Review: ‘Super Mario Adventures’
Super Mario Adventures
Writer: Kentaro Takemura
Artist: Charlie Nozawa
Video game hero Mario has been around for a long time now, his exact age kind of depending on what you want to consider his first appearance: 1981’s Donkey Kong, 1983’s Mario Bros, or 1985’s Super Mario Bros. And, of course, he and his friends and foes have only grown more popular with each passing year and each new game for each new platform, Mario himself becoming a sort of playable logo for Nintendo.
So even though the comics contained in this big, colorful magazine-sized trade paperback are from the early 1990s, they aren’t exactly targeted strictly toward nostalgic adults who grew up playing the first handful of Super Mario Bros games. Mario is pretty much eternal, and this silly adventure comic’s appeal is similarly timeless, with maybe a single pop cultural reference dating it (at least, I only counted one).
Originally published in 12 installments throughout 1992 in Nintendo Power magazine, these serialized adventures don’t follow the storyline of any particular game, but feature characters from the franchise as it existed up until that point, meaning King Koopa’s kids from Super Mario Bros. 3 and Yoshi play sizable roles, Princess Toadstool is as much of a player as Mario and Luigi, and when Mario adopts a doctor disguise, it evokes (or would have evoked) Doctor Mario.
The storyline is the work of Kentaro Takemura, and it’s quite cartoonish, closer to a gag comic in its tone and shape than any sort of drama. The artwork by Charlie Nozawa really sells it as such; it’s funnier and cuter in design and execution than even the fun, gentle designs of the earlier games in the Super Mario franchise.
Copious amounts of alliteration, rhyming, and singing make the dialogue particularly little-kid friendly; while it’s truly an all-ages comic, it’s also one that lends itself to being read aloud to young children who can’t quite read words themselves yet.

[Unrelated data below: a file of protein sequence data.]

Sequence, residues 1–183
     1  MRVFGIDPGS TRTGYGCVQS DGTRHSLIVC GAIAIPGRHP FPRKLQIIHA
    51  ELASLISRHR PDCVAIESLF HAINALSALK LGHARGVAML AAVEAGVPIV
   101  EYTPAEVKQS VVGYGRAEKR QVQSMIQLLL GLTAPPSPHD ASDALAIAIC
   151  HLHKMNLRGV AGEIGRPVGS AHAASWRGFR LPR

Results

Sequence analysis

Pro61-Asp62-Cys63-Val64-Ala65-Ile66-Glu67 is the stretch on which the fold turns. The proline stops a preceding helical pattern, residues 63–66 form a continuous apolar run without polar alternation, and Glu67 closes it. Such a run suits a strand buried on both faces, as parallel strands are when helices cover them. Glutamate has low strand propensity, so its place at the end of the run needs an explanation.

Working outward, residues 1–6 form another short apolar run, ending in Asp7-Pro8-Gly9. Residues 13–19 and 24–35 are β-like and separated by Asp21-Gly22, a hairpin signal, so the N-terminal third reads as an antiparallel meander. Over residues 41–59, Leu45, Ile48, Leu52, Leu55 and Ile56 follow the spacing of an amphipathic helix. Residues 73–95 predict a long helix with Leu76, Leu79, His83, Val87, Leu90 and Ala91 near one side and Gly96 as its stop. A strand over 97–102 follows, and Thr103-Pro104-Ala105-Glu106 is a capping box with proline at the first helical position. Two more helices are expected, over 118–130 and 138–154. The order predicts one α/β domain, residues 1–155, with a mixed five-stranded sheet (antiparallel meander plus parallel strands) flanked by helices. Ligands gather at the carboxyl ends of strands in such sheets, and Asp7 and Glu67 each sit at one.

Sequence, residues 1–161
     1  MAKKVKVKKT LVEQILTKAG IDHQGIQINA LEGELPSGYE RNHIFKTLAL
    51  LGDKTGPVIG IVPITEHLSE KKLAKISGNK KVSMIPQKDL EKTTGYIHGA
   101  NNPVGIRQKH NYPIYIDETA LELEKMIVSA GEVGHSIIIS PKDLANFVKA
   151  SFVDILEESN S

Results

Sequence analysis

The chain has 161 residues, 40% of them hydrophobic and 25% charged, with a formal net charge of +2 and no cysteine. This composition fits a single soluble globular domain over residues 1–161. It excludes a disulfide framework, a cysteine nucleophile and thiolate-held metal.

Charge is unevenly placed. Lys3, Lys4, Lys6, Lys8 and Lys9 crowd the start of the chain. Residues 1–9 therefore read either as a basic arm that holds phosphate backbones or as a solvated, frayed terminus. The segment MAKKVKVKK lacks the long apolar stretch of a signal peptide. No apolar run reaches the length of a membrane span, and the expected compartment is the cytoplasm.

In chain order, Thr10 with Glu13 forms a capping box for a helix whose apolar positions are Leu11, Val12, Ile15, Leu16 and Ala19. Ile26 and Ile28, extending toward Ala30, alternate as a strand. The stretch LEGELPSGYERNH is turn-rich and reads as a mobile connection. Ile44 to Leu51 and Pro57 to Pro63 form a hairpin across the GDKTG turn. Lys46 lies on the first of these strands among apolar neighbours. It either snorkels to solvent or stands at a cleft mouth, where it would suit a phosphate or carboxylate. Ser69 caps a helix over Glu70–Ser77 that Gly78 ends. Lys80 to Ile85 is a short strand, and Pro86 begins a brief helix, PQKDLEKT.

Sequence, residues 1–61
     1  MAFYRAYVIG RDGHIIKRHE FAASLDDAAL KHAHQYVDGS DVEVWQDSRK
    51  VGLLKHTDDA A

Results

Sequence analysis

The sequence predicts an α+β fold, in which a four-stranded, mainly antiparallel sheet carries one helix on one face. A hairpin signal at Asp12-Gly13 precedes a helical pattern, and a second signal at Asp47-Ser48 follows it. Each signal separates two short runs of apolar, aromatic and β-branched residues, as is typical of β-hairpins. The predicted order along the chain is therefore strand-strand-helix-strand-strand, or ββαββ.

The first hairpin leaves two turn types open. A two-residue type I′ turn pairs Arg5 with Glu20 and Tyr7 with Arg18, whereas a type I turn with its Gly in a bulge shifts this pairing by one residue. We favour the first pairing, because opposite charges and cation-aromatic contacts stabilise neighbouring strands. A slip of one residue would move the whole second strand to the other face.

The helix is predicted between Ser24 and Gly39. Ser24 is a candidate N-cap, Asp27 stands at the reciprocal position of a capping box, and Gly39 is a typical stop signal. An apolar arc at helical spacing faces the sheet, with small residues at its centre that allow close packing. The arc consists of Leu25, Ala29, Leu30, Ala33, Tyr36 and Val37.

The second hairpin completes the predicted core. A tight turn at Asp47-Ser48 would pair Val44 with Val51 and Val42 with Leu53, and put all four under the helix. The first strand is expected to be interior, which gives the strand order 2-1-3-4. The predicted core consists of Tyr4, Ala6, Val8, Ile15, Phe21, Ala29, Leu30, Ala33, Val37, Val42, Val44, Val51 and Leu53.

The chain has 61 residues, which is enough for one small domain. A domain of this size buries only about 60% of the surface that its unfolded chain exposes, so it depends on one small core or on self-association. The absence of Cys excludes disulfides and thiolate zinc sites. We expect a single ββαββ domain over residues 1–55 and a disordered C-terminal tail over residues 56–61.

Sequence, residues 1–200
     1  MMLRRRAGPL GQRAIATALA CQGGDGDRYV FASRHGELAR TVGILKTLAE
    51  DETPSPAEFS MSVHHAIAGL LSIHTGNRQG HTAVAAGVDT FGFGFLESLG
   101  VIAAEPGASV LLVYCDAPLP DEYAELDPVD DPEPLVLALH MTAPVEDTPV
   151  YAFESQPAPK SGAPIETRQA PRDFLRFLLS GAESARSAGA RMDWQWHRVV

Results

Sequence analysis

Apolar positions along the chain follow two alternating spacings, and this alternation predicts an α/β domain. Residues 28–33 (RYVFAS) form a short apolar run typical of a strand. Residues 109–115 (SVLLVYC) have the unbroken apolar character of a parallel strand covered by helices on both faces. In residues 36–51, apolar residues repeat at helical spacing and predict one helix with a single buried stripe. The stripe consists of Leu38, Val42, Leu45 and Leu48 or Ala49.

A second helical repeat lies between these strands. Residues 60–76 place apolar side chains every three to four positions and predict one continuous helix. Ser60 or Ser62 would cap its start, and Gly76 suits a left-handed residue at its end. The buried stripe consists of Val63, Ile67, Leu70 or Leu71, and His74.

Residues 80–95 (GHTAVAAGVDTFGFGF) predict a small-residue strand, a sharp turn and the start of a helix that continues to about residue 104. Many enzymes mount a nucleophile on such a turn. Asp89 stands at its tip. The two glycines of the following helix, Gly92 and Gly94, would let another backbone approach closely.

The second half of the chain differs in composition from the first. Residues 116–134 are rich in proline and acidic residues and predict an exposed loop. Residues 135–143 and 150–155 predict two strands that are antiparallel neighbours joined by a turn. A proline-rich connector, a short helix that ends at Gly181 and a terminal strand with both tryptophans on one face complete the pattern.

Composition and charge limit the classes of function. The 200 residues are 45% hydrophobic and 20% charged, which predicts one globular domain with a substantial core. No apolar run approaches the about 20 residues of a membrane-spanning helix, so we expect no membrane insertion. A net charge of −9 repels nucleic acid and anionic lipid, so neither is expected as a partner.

Plumbers Mario and Luigi enter singing their virtues as plumbers. They are working on the pipes in the basement of Princess Toadstool’s castle when suddenly giant pipes emerge from the ground, firing mean-looking turtles and mushrooms with feet out of them like cannons. Bowser, King Koopa himself, also emerges, turning various subjects of the Mushroom Kingdom–including Mario–to stone and demanding that Princess Toadstool marry him. He gives her a week to think about his proposal.
She just needs a few seconds to decide that she and a battalion of mushroom guards will go after Bowser. She eventually gets captured but rescues herself—and then helps rescue Luigi and Mario, who get captured while trying to save her. And then she gets re-captured, and needs saving from Mario. There’s an awful lot of capturing, escaping, running, and chasing going on here, a little hypnosis, the occasional character getting trapped in an egg, with fairly little in the way of violence—just a jumping on someone here, a giant cake falling on someone there. Mario rescues himself and Luigi from one particularly harrowing set of circumstances–when they are surrounded by Boos, terribly shy ghosts–by dressing up as doctors and using talk therapy to help the boss Boo resolve the underlying issues in his life that made him want to lash out.
Video games can be notoriously difficult to adapt, as what tends to make them so much fun is the interactive element, the fact that you’re actively playing them, rather than passively watching or reading them. In this case, however, the creators simply took the characters and the particulars of their setting and told their own story with them. How engaging that might be will vary from reader to reader, of course, but Mario and company have certainly made enough fans over the decades that it shouldn’t be hard to find plenty of readers to join them on this particular adventure.
About J. Caleb Mozzocco
J. Caleb Mozzocco is a way-too-busy freelance writer who has written about comics for online and print venues for a rather long time now. He currently contributes to Comic Book Resources' Robot 6 blog and ComicsAlliance, and maintains his own daily-ish blog at EveryDayIsLikeWednesday.blogspot.com. He lives in northeast Ohio, where he works as a circulation clerk at a public library by day.
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